Monday, August 24, 2009

SiteSee Pittsburgh


Hello, my faithful friends. :) I want to let you all know that I have started a new blog - SiteSee Pittsburgh - that will follow my exploration of Pittsburgh's 205 sites on the National Register of Historic Places. I wanted a fun and different way to explore the overwhelming city of Pittsburgh, and a great way to organize it so I could share it on the web. I will visit places all over the city, learn the history and the stories, take photos, and share it all on my new blog over at Wordpress. I hope you'll stop by!

SiteSee Pittsburgh "Welcome to the beginning of my new blog. I love blogging, and many of you may already be aware that I have two themed blogs – one that chronicles my self-improvement project, 101 Things in 1001 Days, and another that explores the four corners of the world through my postcard collection. I still exchange postcards through the website, and I have often lamented the fact that I have no easy place to direct my international friends to learn more about the beautiful city where I live – Pittsburgh, Pennsylvania. ..."

Tuesday, August 18, 2009

Gauchos, Argentina's Cowboys


Argentina has always held a special fascination for me - members of my family have visited on more than one occasion, and often list it as one of their favorite places in the world. It's home to the bustling metropolis of Buenos Aires, but it also features the desolate terrain of the pampas, or South American grasslands, as well Patagonia, a very rugged region in southernmost South America, where the Andes end and the land stretches out towards Antarctica. It seems like a fascinating and hauntingly beautiful place, and I was really excited to receive this postcard showing the traditions of the gauchos of Argentina.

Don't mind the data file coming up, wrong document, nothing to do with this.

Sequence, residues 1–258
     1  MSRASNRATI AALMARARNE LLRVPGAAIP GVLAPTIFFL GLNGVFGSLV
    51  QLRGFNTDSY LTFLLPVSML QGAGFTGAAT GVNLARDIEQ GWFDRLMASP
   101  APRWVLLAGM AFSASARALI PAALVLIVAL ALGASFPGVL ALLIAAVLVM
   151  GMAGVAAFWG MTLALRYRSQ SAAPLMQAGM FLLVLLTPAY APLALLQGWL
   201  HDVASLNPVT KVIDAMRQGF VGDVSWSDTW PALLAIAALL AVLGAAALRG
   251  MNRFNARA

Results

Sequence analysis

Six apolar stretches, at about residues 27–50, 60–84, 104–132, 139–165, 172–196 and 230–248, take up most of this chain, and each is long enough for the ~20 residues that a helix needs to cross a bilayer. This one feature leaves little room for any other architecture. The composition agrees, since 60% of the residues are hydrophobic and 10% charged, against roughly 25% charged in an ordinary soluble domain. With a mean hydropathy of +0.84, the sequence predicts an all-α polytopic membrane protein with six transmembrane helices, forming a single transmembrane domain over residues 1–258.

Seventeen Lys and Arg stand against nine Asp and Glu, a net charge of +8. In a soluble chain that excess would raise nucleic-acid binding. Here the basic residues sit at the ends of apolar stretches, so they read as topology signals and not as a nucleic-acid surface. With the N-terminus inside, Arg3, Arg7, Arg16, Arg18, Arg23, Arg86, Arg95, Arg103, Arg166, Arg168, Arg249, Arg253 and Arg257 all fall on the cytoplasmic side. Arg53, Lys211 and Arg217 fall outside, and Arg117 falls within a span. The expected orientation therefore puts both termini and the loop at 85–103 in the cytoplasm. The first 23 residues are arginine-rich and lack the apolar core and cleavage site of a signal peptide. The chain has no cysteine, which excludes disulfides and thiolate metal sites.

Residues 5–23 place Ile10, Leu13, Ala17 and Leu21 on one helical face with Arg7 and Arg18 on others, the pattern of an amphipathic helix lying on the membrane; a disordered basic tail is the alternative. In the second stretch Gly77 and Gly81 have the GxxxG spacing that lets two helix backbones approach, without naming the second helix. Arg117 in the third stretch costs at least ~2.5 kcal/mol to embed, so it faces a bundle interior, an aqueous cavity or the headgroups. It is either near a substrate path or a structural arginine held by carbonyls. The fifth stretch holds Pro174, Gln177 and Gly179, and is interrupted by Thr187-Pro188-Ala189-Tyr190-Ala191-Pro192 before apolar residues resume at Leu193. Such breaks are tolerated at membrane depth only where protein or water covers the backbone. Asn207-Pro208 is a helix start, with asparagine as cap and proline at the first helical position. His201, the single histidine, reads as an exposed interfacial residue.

Gauchos can be compared in many ways to the more well-known cowboy figure of the American West. Like the cowboy, gauchos are more a fixture of the 19th century than today, yet they represent their national spirit even today, just like the American cowboy. Gauchos are traditionally viewed as strong, honest, silent types, but proud and capable of violence when provoked. Also like cowboys, gauchos were nomadic cow herders, and made up the majority of
the population in the rural southern areas of Argentina and the "southern cone" of South America. Gauchos were also known as great horseriders, and his horse often constituted most of what he owned in the world. During the wars of the Southern Cone in the 19th century, almost the entire cavalry on both sides were composed of gauchos.

Gauchos ate almost entirely beef while out on the range, supplemented by yerba mate, an herbal tea-like drink rich in caffeine and nutrients. Gaucho dress was considerably different than that of the North American cowboy, consisting of a poncho (which doubled as a saddle blanket and sleeping gear), loose-fitting trousers called bombachas, which were belted with a tirador. They carried a facón (large knife), a rebenque (leather whip), a lariat (aka lasso) and sometimes bolas, three leather-bound rocks tied together with three-feet-long leather straps.

Take a look at this short two-minute video to catch a glimpse of the lifestyle.

Related Posts with Thumbnails